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How do you prefer your audio-books? Dramatic vocal changes between characters? Female or Male Narrator? Author over Actor? Musical entrances? Warnings that the disc is finished, a ‘would you please change it or you’ll be experiencing two full minutes of deja vu and forget where you’d left off’? Do you have fail-safe readers/series?

"review" · fiction · juvenile lit · recommend · sci-fi/fantasy · Tales · wondermous

oh, how I love these…

{I opted for the short and sweet, fearing the gushing could go on and I would possibly overwhelm us both; so please excuse my understatements, if you would like clarity on a point, please, as always, comment.}

I picked Laini Taylor’s Dreamdark: Silksinger for the cover. I was scanning the shelf for something else when it caught my eye. Then of course I read the jacket and added it to the pile. It is 400-some pages, but the book is 7.64 x 5.80 x 1.45 in. And I hadn’t read a Fantasy of this sort in a while.

In a day or two’s time I started reading Silksinger and I was several pages in when I wondered if it was a Book 2, and if that book cover on the back inside jacket was book 1.  I stopped, went and got Blackbringer and read Book 1 first. And while you could read Book 2 and enjoy it, it’s better with the first first.

I will be commenting on them both together because the second book maintained the first book’s excellence (a rare claim, for which Taylor should be proud).

Faeries of Dreamdark: Blackbringer by Laini Taylor

Illustrated by Jim Di Bartolo

G.P. Putnam’s Sons, 2007

(smallish, Hardback), 437 pages.

 

Dreamdark: Silksinger (book 2) by Laini Taylor

Illustrated by Jim Di Bartolo

G.P. Putnam’s Sons, 2009.

(smallish, Hardback), 445 pages.

Laini Taylor has a marvelous imagination. Even better, she’s a wonderful storyteller. I finished the first book and was euphoric. After the second book I knew the infatuation was actually love.  What do these books not do well?

I tried to rub the stars from my eyes. I let the stories sit a few days. Now sitting here, typing this post, I can only think a next book is too far in the offing. And also whether two more books on the Christmas list would overburden it.

Poppy Manygreen (Blackbringer, 71)

The things I really appreciated about the reads:

the illustrations (beautiful additions, though you can imagine what they look like, Laini is good with her own descriptions); Jumps straight in; a well-crafted world/lore; great characters/characterization—and their names; humor; the imagery; the language and the fact that I could read it, that I could pronounce the places, etc; pacing; action; a dose of sweet romance; affectionate relationships, family/friends; unflinching darkness; and yes, I was shocked and horrified in book one when….; and I teared-up in book two when….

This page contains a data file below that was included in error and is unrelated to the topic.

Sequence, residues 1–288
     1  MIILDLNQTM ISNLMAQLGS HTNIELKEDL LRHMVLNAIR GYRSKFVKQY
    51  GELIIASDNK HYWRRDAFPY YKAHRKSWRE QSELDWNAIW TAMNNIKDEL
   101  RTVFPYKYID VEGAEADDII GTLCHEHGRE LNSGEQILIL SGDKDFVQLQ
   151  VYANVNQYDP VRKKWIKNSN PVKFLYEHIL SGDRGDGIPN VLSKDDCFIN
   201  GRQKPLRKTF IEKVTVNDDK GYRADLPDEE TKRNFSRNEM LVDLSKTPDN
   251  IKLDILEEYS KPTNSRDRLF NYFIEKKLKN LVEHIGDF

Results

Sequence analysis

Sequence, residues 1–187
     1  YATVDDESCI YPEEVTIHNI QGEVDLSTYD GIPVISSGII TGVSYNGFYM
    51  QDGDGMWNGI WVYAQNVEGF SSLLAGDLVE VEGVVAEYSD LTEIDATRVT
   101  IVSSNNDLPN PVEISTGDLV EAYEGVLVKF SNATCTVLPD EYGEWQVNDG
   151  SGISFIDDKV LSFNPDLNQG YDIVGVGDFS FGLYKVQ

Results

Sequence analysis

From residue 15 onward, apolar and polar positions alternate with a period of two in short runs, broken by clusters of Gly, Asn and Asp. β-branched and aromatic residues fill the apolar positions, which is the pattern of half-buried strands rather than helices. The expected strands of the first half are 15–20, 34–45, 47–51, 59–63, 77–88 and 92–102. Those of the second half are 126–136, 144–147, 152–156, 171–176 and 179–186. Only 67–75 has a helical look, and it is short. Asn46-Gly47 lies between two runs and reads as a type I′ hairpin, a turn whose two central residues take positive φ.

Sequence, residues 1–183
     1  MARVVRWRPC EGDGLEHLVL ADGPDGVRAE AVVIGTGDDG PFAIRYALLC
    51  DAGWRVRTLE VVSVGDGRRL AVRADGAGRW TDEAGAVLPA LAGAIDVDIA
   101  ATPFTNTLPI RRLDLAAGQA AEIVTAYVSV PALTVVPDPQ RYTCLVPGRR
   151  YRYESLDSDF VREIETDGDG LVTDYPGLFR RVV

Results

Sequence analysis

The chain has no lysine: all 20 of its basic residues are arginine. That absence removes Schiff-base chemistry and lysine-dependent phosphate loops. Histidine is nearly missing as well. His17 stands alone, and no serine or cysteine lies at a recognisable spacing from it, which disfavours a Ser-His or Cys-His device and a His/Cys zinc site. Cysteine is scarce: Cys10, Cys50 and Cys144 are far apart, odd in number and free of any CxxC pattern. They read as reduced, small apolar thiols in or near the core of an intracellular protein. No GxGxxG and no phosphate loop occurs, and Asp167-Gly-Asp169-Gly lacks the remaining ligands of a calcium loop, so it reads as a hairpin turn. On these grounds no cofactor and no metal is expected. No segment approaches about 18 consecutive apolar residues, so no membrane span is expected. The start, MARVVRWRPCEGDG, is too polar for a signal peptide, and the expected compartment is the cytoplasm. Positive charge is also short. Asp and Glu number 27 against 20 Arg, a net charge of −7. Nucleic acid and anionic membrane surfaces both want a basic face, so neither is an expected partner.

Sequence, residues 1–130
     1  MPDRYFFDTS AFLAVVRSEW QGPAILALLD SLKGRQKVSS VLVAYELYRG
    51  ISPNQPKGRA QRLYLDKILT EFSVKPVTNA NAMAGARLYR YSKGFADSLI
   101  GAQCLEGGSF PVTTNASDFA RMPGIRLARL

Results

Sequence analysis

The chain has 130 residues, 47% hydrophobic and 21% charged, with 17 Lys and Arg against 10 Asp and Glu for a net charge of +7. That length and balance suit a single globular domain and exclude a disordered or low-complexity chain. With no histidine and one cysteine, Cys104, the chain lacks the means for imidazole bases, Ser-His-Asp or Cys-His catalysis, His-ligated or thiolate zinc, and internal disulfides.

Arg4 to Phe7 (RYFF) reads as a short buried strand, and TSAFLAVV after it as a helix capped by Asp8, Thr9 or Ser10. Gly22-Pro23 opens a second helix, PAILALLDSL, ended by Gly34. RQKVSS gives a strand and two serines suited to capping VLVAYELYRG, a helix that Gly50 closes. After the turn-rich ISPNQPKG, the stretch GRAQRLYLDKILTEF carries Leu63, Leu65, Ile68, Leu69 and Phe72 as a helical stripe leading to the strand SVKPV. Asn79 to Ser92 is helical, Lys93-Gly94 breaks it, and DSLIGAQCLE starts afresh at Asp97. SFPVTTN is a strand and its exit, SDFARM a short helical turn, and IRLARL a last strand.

Bellatrix (Blackbringer, 257)

I was concerned with: the obnoxious heroine possibility.

Though the 3rd person narrative is not limited, Magpie Windwitch is our protagonist in both.  She is quite incredible—almost dangerously so. You could see her unlimited potential, as the story allows for her to find the tools she needs to succeed from somewhere yet discovered inside of herself, from gifts bestowed, from dreams dreamed for her… And yet, she is charmingly young. Bless it, she has flaws, and she is fairly unpredictable (without disrupting the stories logic).  She also has the crows and Talon Rathersting to keep her humble. Taylor also dispenses awesomeness to other characters in the books, which is not often the case in other hero adventure stories.

While:

My love for the Dreamdark books should equate with “everyone should read them!” But that isn’t actually the case. I was thinking about this. I think that a huge number of people aged 9 and up would be entertained by Taylor’s stories, however…

…If you don’t care for Fantasy, these are not an obvious choice; but if you wanted to try, these are upper-middle-grade, highly accessible and paced to move you along, dispensing back story along the way.

…if you are worried about competing/influential mythologies (however fictional in presentation) you will not care for this one, but you probably don’t read much Fantasy anyway.

…if you are tired of charming males in your reading, this should wait awhile.

…if you don’t care for diversity, you probably wouldn’t care for this one; but if you are…I would like to hear thoughts on how you think some of the faeries are portrayed after you’ve read it.

I haven’t tested this series on the daughter yet. She has her own pile of books (I think she has 4 going at once) and her writing, but I plan on having her give them a go…course if I owned them I wouldn’t have to renew them at the Library and I wouldn’t have to keep moving them to the top of her tower of TBRs…

 another book where the content and illustrations are equally lovely.  Jim Di Bartolo's blog.
Laini Taylor's homepage.